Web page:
Good Will Fund. The Union and The
Daily are co-operating in producing
the attraction for the Alumni Asso-
ciation.

VARSITY BASKETBALL
All varsity basketball candi-
dates are to report to me Mon-
day, Oct. 30, at 7:30 p. m., in the
Intramural gymnasium.
Franklin C. Capon, Coach
Frosh Runners
Will Engage In
Treasure Hunt
The freshman cross country squad
is going romantic this afternoon. No,
the harriers are not going to float
over the ground, or skip, or do aes-
thetic sorts of things on the green
swards in and about the University
stadium and golf course. It .is not
that type of romanticism. It is a
Robert Louis Stevenson kind of ro-
mance. The freshman cross coun-
tryites are going to hold a treasure
hunt.
According to Ken Doherty, his boys
are all "agog" over the prospect and
he expects his entire squad, for the
first time this year, to turn out for
the novel practice session. No one,
of course, knows what the treasure
will be, except Doherty.
Run Is 21 Miles
The frosh will run the usual two
and a half mile grind over the same
old course. There will be no red topes,
no Indian signs to indicate the way,
but there will be explanatory notes
at convenient places along the way.
If the freshman time trials of
Wednesday are at all significant, it
looks like a fellow by the name of
Hutchinson has the treasure "in the
bag." He finished first over the two
and a half mile stretch in the good
time of 12:47. The only man near
him was Stone who was clocked at
13:01. Other harriers who are given
an outside chance, in case the mes-
sages are in code, are Brelsford, War-
dell, O'Connell, Ladd, Aikens, Mair,.
and Patton.
Check For .Babies,
To Be Provided.At

33 Players Willi
Complete Roster
For Grid Battle
Squad Leaves Today; To
Arrive In Time To Hold
Practice At Chicago
ga
Varsity Will Start
Oosterbaan, Weber, Blott
Will Scout For Future
Games This Year
Thirty-three players were named
yesterday by Coach Harry Kipke to
comprise the Wolverine squad that
will be in uniform at Chicago tomor-
row afternoon when the Maize and
Blue meet Clark Shaughnessy's eleven
at Stagg Field.
The squad will leave at 8:45 this
morning from the Michigan Central
depot and will arrive in Chicago in
time to hold a short practice session
at the field this afternoon.
Coaches Oosterbaan, Weber and
Blott will not be with the team at
Chicago Saturday as they will be oc-
cupied in scouting three of Mich-
igan's future oppo-
nents. Oosterbaan
and Blott will be~
it Minneapolis get-
Ling a line.on Min-
nesota and Iowa,'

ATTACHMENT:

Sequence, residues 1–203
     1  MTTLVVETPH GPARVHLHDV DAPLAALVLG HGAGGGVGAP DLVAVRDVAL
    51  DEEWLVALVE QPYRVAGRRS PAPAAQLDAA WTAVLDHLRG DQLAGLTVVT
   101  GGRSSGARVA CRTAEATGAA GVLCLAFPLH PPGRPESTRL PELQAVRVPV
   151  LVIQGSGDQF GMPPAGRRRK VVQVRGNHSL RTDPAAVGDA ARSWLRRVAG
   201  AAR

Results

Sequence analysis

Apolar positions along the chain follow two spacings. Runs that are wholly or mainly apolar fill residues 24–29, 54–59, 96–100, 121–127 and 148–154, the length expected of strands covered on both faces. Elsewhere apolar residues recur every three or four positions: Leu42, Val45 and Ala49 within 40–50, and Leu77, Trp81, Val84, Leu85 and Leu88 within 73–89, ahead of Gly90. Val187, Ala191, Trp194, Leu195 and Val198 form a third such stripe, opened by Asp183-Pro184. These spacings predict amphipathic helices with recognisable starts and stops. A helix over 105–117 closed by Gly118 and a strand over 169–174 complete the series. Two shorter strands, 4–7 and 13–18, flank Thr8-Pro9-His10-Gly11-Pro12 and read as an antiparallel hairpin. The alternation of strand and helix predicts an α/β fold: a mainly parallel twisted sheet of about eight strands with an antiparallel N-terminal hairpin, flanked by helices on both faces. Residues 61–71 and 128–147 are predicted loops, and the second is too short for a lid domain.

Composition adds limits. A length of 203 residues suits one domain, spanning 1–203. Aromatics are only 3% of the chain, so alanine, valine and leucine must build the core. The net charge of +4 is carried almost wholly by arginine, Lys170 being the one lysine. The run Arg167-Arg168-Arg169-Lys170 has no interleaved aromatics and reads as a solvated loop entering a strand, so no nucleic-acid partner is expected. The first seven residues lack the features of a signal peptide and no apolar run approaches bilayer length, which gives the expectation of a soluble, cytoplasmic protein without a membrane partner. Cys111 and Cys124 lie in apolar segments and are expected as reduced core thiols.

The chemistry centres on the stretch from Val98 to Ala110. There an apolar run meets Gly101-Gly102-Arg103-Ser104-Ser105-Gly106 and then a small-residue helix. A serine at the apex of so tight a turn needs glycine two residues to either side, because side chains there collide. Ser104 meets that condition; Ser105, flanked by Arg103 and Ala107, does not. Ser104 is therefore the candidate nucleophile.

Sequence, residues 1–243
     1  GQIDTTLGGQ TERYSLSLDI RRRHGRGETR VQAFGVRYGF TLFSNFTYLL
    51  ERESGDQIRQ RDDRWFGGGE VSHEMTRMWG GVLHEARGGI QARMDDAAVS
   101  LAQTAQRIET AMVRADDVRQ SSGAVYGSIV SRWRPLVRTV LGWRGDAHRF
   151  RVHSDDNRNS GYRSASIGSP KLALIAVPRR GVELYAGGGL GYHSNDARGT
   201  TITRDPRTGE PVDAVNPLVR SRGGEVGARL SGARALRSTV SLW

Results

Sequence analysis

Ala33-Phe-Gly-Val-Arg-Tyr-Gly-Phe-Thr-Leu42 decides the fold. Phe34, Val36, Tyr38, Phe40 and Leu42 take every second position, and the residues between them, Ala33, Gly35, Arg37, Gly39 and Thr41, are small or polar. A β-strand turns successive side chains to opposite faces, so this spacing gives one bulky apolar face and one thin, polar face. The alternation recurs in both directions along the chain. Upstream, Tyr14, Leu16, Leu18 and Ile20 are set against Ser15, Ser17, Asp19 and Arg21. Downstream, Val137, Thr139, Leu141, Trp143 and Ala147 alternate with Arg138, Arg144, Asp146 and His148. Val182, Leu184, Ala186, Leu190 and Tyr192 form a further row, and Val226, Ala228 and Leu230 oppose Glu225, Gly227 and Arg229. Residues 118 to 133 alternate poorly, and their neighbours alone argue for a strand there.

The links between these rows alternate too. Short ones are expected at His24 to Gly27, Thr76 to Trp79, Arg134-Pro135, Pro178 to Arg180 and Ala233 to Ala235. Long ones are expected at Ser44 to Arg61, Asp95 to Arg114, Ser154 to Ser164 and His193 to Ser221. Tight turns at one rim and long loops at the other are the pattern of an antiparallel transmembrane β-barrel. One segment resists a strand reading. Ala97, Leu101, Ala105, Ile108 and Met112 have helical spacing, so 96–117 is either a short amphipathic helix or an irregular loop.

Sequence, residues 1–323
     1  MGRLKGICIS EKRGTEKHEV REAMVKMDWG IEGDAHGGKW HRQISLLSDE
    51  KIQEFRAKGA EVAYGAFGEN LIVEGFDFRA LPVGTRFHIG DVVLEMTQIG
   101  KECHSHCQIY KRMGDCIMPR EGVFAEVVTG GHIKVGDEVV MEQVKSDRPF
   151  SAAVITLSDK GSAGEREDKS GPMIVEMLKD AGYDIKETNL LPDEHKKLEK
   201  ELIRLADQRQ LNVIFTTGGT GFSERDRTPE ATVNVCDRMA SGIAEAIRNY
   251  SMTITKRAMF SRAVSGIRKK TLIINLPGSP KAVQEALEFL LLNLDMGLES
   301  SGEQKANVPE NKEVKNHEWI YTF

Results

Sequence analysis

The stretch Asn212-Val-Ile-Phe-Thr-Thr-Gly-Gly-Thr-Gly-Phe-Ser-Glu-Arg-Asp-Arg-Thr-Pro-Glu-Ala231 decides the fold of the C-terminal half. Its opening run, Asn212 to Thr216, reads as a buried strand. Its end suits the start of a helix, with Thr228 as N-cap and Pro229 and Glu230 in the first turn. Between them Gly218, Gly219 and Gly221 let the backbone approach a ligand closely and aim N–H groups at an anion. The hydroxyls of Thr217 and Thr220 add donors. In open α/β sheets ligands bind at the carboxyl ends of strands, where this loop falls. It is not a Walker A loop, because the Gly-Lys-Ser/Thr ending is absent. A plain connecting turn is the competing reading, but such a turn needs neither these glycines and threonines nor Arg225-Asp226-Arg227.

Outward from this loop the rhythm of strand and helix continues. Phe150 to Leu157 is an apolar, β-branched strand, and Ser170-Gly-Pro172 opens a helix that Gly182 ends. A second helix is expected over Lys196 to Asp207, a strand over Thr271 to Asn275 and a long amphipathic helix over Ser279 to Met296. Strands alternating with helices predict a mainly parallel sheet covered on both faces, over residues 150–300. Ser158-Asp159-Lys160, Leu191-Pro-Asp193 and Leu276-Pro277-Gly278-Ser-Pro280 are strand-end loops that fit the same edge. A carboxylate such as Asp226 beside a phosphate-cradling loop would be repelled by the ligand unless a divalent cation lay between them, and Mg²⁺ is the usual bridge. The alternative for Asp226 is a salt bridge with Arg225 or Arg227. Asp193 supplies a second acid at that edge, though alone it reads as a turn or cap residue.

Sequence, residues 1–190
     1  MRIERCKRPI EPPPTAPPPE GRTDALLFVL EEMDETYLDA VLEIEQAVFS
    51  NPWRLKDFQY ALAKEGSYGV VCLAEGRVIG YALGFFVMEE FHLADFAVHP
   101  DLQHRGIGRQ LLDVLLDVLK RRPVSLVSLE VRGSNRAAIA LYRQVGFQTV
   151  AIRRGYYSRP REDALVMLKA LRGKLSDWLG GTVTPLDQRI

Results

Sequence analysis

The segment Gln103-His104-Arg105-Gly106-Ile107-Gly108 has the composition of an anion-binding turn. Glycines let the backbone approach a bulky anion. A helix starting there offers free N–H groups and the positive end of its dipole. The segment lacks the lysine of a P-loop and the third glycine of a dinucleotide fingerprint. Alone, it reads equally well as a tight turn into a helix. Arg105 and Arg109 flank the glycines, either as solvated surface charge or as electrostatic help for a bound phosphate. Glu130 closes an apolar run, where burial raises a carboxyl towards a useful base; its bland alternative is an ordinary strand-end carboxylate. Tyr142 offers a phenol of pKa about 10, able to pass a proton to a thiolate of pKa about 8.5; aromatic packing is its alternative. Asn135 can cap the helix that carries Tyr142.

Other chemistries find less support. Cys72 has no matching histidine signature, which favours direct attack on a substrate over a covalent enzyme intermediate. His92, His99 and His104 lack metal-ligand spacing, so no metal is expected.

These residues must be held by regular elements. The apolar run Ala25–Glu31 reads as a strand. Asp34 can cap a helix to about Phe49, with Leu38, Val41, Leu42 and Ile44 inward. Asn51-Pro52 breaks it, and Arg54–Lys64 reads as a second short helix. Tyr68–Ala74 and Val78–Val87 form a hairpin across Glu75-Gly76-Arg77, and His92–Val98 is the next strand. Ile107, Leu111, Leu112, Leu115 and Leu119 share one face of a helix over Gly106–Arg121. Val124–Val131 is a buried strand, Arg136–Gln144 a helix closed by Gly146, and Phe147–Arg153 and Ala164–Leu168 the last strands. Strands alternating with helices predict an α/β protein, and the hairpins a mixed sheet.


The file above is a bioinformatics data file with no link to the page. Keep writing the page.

while Weber will >
be scouting North-
western at Colum-
bus in their game
with the Buckeyes.
The starting
lineup that will
face the MidWay
eleven will probably be the same that
took the field against Ohio State last
Saturday with the possible excep-
tions of Ted Petoskey and Jack Hes-
ton. Both of the Wolverine stars suf-
fered severe rib injuries in the Buck-
eye contest and Kipke may keep
them out of the Chicago game in
order to prevent any further aggra-
vation of their injuries. However,
they may be recovered sufficiently
tomorrow to see service during the
game.
In the final practice session at
Ferry Field yesterday, Kipke sent his
charges through a stiff offensive drill
against a picked group of freshmen.
The yellow-shirted yearlings were
coached by Ray Courtright, who
scouted the Maroons in their game
with Purdue last Saturday.
The new plays which Kipke gave
to the squad this week were given
a thorough testing before the Wol-
verine mentor ex-
t.:pressed himself as
satisfied with the
showing of the
Varsity. Both run-
ning and passing
plays were directed
at the freshmen
eleven during the
extensive drill.
Renner, Regeczi
and Oliver were on
the throwing end
of most of the aer-
ial heaves with Renner's throws find-
ing a receiver with regularity.
The various plays used to block
punts were also given a final check-
ing by the coaching staff. The work
of Chuck Bernard in breaking
through the line to block the kicks
was up to his usual high standard
of play.
The lack of a good place-kicker is
still a problem which received con-
siderable attention in the early part

of practice. Everhardus, Oliver, Pe-
toskey, and Savage booted countless
balls over the cross bar under the
watchful eyes of Fielding Yost.

I

State-Orange

Tilt

EAST LANSING, Mich., Oct. 26.-
(RP)-Mother and father can both go
to Saturday's football game between
Michigan State College and Syracuse
University, even if little Johnnie is
too young.
The home economics department
of the college is providing a '"check
room" service from 1 to 5 p. m. on
the day of the game for the benefit
of parents who don't care to expose
their babies to several hours in the
variable fall weather.
It is homecoming day at Michigan
State.

II